Blogs pose both a threat and an opportunity
The power relationship in information is being
Journalists provide continuity and quality
Story tellers become story guides
New journalism skills
“As more and more news
journalism ventures, they'll need to
learn how to run them.
“Covering stories and collecting,
cultivating, sharing stories are very
different things. Helping others to
share their lives is still journalism,
and it needs to be taught.”
Inviting the public to our table
Many editors are concerned about errors,
credibility and libel
Some fear that citizen writing quality is low
How do we know if those untrained people are
WILL WE LOSE CONTROL?
Mix logic with understanding
Most participants in citizen journalism have
little reason to cheat or lie.
The “WBC” category is primarily the realm of
By and large, most Americans will conform to
rules that are both simple and logical.
Focus on broad concerns; keep rules simple.
“Decency” - How do we treat profanity and adult
“Commercialism” - What about the promotion of a
business, organization, religion, etc.?
“Literacy” - How much editing and rewriting should we
“Banalism” Is anything just too stupid to appear on the
site? If so, how dumb is dumb?
“Decency” No profanity, no nudity - use normal
newspaper standards of propriety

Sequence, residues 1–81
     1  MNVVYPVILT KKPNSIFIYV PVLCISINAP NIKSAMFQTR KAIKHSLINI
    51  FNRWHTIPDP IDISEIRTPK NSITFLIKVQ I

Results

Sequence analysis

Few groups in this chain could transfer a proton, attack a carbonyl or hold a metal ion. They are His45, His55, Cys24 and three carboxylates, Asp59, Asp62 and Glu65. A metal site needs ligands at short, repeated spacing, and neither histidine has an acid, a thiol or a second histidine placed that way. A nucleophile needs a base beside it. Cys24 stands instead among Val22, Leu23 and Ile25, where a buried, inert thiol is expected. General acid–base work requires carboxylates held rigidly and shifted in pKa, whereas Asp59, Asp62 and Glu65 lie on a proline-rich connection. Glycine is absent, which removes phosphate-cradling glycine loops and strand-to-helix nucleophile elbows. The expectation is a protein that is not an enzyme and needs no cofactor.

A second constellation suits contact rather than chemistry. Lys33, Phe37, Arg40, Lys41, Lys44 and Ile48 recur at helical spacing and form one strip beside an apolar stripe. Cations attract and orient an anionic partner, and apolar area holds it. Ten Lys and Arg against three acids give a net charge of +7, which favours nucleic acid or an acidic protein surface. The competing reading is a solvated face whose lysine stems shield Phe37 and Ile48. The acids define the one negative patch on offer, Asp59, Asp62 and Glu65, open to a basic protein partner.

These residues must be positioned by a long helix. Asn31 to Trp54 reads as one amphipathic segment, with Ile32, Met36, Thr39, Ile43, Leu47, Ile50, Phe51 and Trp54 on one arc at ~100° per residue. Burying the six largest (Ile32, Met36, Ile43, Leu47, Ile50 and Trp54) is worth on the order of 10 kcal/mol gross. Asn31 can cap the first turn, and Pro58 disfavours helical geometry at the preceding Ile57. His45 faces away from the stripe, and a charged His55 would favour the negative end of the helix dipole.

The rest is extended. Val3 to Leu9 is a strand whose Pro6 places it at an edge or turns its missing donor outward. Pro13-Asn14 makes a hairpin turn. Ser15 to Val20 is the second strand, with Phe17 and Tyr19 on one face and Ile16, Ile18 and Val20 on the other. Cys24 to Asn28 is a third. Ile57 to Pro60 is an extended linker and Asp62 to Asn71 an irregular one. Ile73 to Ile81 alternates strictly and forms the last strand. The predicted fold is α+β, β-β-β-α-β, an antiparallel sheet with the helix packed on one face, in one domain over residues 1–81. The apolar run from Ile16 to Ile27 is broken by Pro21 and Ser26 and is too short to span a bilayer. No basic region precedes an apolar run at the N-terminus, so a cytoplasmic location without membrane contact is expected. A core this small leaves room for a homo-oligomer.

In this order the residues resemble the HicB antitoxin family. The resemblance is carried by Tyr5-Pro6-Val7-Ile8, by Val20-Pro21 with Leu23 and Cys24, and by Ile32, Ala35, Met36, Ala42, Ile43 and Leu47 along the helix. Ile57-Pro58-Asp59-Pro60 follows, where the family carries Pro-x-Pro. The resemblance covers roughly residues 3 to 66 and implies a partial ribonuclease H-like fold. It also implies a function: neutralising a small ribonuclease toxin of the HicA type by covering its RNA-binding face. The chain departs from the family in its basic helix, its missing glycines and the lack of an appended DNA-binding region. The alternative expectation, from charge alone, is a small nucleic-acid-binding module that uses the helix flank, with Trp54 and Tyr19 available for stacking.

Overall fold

“Commercialism” Don’t ban businesses that self-
promote, but work with them to produce copy of
“Literacy” Keep editing to a minimum, focusing on
readability rather than style. Avoid jargon and cultural
slang that can be misinterpreted.
“Banalism” Journalists are poor judges of the banal.
Rather than say anything is too low-brow, just find an
appropriate category and let the public judge it.
And… Just Four Simple Rules
No personal attacks
No attacks on race, religion, national
origin, gender or sexual orientation
The end of “NO”
“I worked in newspapers for seven years,
and as an editor most of my dealings with the
public were about telling people “no” due to
NO, we can't cover your event.
NO, we can't run your youth baseball photo in the
NO, your story idea isn't good enough for publication.
“The open source format takes a medium
with limitless file space and allows us to
finally say ”YES" to the public.”
often looking for a
forum for their
around at a teen
QuickTime™ and a
TIFF (Uncompressed) decompressor
are needed to see this picture.
laptops so citizens
could comment on
Earth Day: Picture it
cameras to citizens to
document the festival
Unexpected reader issues
Political issues are much less popular
than we predicted.
Religion is far, far more popular than we
Pictures of dogs, cats and even rats
trump most other copy.
Unexpected teaching issues
Traditional journalism students want to
write, not “guide.”
Many were at a loss at how to cover “non
news” topics like Little League.
Few students are well prepared to work
with the public.
Into the future
More teasers in the morning newspaper
Increased connection with high school
Addition of student and citizen blogs
Establish a “Websighted” photo program.
Class in “entrepreneurial journalism”